By looking at these trends over time, process experts can create a golden fingerprint that establishes ideal parameters from the collected process data. They then can set up monitoring systems and alerts to inform them when limits fall outside the ideal range.

Correlating water quality with live process data

To ensure water quality, monitoring concentrations of wanted or unwanted substances in the water is essential. Online concentration measurements often are complex and expensive. For some substances, it can be difficult or impossible. Therefore, many parameters of wastewater monitoring often are not available as live process data but are determined by sampling and lab analysis. Lab analyses can take hours or days. As a result, plant operators do not receive the analysis until it is too late to adjust the process operation.

Correlating lab analysis results with available live process data can help overcome this obstacle. The correlation can act as an indicator for adjusting the process operation in the future.

As an example, a chemical company in the Netherlands wanted to review the correlation between various process and wastewater parameters. Process engineers were especially interested in learning the influence factors on the concentration of organic acids.

To identify the correlation between the different parameters, the company established a self-service data analytics solution. Because organic acid concentrations were not part of the company’s historian, the first step of the solution was to import the lab reports into the self-service solution. This allowed the process engineers to evaluate the lab concentration measurements as time-series data.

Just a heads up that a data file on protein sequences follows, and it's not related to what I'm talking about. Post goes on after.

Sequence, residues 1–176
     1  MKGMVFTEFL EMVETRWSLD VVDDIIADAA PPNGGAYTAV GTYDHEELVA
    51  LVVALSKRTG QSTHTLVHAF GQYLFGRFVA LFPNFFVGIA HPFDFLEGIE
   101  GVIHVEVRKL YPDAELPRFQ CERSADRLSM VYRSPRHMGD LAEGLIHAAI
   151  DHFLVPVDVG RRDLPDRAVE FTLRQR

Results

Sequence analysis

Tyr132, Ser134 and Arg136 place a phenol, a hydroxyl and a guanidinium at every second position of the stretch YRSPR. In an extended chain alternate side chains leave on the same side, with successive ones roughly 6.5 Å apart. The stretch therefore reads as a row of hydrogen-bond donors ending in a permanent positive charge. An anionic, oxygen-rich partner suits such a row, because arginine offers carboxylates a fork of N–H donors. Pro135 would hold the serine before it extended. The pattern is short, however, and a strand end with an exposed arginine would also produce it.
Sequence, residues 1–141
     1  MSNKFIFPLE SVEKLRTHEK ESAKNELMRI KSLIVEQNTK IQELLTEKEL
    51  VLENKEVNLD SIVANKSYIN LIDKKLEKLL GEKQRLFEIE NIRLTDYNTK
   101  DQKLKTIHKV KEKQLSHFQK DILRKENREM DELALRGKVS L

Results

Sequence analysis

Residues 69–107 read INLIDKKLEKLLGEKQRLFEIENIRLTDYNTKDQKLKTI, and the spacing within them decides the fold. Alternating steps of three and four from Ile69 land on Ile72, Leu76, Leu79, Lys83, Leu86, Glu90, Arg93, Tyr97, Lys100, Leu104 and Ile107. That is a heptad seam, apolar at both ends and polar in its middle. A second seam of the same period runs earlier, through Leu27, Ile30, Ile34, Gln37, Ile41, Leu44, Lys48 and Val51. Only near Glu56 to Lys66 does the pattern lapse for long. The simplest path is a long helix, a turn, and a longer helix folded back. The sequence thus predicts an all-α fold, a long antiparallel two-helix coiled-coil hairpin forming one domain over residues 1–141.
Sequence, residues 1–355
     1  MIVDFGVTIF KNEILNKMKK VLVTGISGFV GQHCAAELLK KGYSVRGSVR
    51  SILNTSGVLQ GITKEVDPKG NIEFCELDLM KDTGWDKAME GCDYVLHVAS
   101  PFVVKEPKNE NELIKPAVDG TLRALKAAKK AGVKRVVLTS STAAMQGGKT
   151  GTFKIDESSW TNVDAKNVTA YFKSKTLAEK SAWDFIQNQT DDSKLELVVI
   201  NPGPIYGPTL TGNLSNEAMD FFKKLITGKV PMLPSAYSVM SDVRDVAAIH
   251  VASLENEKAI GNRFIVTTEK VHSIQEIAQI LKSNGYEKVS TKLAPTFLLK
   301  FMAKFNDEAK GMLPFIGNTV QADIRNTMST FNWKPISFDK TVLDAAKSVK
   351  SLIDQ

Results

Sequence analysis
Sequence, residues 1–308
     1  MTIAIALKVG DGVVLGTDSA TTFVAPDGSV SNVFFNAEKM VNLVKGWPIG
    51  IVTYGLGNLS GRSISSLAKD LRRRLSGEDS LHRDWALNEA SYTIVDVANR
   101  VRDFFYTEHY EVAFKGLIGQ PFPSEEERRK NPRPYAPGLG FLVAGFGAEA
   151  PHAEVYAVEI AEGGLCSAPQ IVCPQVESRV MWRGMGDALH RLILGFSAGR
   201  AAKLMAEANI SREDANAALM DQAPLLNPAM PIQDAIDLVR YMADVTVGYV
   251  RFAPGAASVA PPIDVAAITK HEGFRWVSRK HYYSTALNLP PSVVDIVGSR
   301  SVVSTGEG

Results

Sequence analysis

The second step was to find influence factors for the organic acid concentrations. In this case, the redox value, available as live process data, was expected to have an influence on organic acid concentrations. The influence factor functionality of the self-service analytics solution allows linear regression to correlate multiple parameters at once. Process experts used this function to search for parameters that explain acid concentrations. The company also used the solution’s time-shift function to search for optimal correlation.

Process experts determined there was a clear correlation between the redox value and the n-butyric acid concentration five days later. They also found a correlation with other organic acids. With this knowledge, process engineers learned the redox value could be used to determine the acid concentration and intervene in the process in time if the water quality was not optimal.

The company saved time and money by ensuring it was complying with quality requirements.

Monitoring and reporting effluent quality

A Canadian mining company has strict government regulations regarding the quality of water that the mines discharge into the environment. The average flowrate and pH value of effluents (liquid waste discharged into a river or the sea) must be reported monthly to the Canadian government.